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 3.NUTS

Most nuts, including almonds, walnuts, pecans and peanuts, are good for lowering cholesterol. However, avoid salted varieties, especially if you have raised blood pressure. It is not clear how nuts lower cholesterol, but it might be because they contain plant sterols as well as monounsaturated fats that protect blood vessels from damage. They are also high in fibre and Vitamin Eselection of nuts
In 2010, an American analysis of 25 studies on nut consumption and blood fat levels found that eating a portion every day (eight to ten nuts, or a small  palm-full) reduced overall cholesterol by five per cent and was particularly good for people with high levels  of ‘bad’ LDL cholesterol.

Take between 25g and 50g of nuts daily.

ADVICE
Nuts are very filling, so not only do they reduce cholesterol, but they can stop you snacking on too many other fatty foods afterwards. While nuts are high in calories, it is unlikely that all the energy is available to the body.’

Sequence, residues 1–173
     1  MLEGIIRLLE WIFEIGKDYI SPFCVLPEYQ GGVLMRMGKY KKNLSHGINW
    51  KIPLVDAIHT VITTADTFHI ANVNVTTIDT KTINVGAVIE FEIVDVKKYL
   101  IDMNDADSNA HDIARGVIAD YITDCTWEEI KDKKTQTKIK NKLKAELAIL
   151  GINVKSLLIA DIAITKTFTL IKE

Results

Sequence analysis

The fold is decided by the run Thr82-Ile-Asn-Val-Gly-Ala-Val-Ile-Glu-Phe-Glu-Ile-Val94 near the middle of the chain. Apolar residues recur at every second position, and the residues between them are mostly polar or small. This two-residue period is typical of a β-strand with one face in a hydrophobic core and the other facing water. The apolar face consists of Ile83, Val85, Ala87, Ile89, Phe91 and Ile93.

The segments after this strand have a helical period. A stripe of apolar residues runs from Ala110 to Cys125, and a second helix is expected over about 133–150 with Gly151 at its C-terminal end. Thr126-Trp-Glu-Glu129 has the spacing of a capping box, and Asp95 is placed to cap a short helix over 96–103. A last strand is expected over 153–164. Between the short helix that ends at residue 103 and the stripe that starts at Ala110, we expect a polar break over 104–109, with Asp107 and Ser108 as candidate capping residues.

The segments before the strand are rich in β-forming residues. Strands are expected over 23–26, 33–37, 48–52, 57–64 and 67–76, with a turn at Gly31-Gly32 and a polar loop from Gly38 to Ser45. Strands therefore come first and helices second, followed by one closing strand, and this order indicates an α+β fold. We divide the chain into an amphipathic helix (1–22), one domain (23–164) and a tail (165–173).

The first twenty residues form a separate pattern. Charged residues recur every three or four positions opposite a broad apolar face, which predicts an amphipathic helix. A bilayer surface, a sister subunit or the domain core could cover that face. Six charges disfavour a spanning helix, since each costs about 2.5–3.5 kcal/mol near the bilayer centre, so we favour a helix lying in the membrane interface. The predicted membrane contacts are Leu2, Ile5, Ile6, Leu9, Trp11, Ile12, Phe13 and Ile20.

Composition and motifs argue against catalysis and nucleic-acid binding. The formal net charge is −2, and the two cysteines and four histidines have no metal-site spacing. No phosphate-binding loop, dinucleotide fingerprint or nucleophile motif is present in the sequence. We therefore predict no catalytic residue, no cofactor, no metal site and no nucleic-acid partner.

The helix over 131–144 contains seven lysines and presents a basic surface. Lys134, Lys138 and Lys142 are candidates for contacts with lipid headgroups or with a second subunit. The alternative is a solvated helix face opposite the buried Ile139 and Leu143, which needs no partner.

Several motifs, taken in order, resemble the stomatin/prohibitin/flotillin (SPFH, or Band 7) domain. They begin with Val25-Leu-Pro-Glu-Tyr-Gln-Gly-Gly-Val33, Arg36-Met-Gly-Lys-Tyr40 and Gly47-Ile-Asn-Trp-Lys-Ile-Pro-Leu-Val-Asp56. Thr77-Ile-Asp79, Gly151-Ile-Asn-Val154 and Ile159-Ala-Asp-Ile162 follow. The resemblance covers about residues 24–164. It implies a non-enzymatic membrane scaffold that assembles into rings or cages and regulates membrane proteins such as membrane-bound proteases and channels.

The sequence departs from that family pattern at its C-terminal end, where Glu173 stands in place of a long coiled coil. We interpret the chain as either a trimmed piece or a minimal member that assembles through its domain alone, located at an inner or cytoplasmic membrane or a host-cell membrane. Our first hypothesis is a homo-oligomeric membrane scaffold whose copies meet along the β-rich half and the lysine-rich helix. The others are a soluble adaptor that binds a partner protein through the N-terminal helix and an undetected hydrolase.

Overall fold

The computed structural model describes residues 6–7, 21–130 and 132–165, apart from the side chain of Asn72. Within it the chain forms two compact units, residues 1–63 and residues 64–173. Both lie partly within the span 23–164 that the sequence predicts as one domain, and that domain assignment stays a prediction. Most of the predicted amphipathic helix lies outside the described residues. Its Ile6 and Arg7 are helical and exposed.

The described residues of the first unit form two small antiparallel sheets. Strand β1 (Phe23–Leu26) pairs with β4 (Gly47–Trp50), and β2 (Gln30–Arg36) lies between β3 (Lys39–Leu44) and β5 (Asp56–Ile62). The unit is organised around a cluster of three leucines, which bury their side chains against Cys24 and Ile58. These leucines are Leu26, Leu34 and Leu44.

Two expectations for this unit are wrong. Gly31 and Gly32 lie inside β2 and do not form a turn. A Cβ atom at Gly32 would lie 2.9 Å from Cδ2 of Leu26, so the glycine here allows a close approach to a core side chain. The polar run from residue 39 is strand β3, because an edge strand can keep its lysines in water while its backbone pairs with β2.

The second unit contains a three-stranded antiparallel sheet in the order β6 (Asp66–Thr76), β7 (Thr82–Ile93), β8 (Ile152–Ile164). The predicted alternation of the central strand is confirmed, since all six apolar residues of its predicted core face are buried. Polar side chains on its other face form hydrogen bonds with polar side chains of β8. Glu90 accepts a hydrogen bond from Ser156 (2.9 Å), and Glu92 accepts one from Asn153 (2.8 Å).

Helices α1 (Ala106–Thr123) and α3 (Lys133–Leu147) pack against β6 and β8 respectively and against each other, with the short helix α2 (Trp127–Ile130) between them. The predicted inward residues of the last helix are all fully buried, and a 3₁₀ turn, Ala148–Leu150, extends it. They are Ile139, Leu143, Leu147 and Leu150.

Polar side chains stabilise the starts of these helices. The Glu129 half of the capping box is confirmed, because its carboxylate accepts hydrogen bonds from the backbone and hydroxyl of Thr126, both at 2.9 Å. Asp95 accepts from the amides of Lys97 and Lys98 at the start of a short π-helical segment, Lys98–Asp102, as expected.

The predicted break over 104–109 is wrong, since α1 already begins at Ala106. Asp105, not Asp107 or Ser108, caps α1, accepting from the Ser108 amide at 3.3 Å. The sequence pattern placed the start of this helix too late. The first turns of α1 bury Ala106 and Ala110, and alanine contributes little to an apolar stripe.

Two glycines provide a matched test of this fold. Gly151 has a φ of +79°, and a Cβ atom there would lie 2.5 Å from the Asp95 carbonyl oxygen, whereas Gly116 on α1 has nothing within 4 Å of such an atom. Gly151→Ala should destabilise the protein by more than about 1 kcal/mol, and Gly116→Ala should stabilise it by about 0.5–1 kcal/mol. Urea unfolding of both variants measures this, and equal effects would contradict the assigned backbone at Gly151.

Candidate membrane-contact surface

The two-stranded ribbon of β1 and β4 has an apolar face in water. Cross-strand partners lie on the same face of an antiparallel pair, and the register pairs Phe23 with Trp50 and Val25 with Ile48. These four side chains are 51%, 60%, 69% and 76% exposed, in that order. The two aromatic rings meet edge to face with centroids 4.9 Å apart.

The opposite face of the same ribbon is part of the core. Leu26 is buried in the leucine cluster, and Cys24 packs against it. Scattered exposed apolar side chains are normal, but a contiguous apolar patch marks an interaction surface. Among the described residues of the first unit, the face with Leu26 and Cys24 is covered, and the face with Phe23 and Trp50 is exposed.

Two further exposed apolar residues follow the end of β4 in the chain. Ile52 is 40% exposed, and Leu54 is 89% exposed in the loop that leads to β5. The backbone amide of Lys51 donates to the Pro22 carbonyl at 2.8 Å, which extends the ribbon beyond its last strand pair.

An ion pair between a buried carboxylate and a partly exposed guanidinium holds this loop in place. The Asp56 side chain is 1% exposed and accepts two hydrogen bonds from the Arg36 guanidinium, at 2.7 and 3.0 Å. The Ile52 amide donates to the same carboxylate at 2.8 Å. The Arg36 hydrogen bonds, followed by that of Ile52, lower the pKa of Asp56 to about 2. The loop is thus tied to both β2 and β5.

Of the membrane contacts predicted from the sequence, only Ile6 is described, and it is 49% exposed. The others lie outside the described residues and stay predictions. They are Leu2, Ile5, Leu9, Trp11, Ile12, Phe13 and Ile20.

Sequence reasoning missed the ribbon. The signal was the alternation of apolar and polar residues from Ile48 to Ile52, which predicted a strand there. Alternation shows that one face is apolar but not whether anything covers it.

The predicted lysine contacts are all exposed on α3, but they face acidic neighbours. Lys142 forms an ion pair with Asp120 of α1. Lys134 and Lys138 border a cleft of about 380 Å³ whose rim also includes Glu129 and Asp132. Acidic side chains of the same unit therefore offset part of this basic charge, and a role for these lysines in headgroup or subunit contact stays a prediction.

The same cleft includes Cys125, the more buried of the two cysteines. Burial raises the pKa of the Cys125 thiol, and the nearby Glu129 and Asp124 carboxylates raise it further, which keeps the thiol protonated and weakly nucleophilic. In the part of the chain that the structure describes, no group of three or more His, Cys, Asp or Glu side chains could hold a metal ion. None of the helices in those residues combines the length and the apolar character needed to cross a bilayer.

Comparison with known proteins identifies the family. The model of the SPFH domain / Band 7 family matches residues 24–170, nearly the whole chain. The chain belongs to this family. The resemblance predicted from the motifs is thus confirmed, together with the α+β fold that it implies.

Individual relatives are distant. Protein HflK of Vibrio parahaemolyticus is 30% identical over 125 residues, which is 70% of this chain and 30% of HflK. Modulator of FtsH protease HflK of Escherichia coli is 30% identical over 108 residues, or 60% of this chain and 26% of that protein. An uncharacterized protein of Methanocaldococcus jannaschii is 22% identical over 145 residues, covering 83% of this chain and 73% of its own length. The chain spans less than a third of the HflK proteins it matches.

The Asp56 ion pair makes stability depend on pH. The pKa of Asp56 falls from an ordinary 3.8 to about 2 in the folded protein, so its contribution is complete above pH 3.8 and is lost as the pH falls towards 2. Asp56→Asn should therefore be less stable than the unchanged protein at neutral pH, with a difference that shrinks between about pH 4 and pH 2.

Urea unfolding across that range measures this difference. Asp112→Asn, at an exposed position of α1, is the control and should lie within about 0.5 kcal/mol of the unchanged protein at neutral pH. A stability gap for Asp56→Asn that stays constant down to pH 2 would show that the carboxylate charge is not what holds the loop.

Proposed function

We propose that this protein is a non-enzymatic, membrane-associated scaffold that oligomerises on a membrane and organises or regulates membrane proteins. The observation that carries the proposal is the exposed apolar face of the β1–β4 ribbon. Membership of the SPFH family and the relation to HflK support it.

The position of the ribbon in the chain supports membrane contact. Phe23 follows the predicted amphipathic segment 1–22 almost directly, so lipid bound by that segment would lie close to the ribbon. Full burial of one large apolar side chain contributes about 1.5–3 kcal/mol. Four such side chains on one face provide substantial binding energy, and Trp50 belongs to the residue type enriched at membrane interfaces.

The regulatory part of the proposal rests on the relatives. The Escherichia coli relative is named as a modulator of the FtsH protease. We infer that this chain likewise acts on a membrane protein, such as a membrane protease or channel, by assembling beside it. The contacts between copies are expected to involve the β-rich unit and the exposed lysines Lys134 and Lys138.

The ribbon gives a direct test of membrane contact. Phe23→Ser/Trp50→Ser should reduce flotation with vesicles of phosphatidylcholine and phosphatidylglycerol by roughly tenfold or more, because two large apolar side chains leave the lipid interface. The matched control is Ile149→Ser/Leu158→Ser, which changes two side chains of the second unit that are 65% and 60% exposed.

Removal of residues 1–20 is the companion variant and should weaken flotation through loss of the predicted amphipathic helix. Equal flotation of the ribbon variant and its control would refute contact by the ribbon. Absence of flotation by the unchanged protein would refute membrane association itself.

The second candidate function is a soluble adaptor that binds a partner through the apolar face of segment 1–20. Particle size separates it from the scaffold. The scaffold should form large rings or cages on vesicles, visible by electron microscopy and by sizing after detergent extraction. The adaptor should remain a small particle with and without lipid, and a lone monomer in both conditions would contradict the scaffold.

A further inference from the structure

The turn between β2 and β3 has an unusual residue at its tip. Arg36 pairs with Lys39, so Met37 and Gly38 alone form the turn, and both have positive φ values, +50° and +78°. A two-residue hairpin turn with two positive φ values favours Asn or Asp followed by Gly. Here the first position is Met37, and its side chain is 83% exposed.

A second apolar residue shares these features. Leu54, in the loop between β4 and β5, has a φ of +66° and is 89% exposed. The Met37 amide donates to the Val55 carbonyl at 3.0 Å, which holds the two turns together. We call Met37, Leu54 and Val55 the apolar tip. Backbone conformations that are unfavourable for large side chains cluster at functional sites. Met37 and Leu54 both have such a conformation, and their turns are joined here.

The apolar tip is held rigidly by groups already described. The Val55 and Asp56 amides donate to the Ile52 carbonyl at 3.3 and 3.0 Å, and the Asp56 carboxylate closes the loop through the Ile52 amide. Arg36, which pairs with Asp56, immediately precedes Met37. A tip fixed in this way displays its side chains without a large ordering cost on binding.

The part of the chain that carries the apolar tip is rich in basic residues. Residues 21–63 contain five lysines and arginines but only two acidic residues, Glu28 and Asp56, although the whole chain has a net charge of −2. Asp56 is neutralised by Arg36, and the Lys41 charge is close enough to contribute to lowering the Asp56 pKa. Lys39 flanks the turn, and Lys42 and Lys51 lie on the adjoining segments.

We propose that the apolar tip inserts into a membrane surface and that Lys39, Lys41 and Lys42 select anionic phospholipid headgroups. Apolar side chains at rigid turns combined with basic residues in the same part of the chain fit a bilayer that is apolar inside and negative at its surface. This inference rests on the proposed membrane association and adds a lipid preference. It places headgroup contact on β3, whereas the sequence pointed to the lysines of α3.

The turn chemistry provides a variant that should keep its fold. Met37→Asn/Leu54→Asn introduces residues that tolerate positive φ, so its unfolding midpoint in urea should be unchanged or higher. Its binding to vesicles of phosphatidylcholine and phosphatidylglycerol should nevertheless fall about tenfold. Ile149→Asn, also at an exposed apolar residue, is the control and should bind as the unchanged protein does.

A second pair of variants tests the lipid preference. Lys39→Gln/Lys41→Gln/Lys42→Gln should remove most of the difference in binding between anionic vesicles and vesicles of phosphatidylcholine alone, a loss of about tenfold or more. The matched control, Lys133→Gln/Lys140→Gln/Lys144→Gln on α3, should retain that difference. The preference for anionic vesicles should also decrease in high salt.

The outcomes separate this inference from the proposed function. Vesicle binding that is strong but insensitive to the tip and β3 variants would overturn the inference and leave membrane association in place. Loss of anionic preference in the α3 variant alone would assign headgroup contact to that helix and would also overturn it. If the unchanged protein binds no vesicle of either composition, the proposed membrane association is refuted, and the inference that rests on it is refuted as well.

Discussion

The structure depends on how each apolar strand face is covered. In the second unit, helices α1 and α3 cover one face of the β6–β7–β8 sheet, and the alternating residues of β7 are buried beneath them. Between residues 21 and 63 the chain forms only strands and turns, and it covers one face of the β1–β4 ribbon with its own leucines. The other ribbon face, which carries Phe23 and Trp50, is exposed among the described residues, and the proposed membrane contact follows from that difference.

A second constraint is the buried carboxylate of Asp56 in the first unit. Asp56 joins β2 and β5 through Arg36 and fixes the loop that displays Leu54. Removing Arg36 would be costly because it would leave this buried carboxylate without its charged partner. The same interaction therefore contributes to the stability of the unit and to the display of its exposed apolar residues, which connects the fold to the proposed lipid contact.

4. SOYA
Soya milk, soy nuts, tofu and soya yogurts  may help the liver to take ‘bad’ LDL cholesterol out of the bloodstream. Using soya to replace dairy and meat can also displace saturated fat from the diet.

There is some evidence, including a 2011 study, that soy protein can help reduce total cholesterol.

Although the effects were modest, some experts say that because soy products such as tofu often replace meat in the diet, they reduce the intake of saturated fat from other sources.

Experts recommend having at least two to three portions a day. That is equivalent to half a litre of soya milk and a soya yogurt. The reduction in cholesterol may be as much as five per cent, but scientific proof  for this is limited.

ADVICE

Start with one portion a day and slowly build it into  the diet from there. ‘If you don’t like soya, follow the other tips instead,’ advises Catherine Collins.

5.HEALTHY OILS
Olive oil and rapeseed oil, which contain mainly monounsaturated fats, neither increase nor decrease cholesterol levels.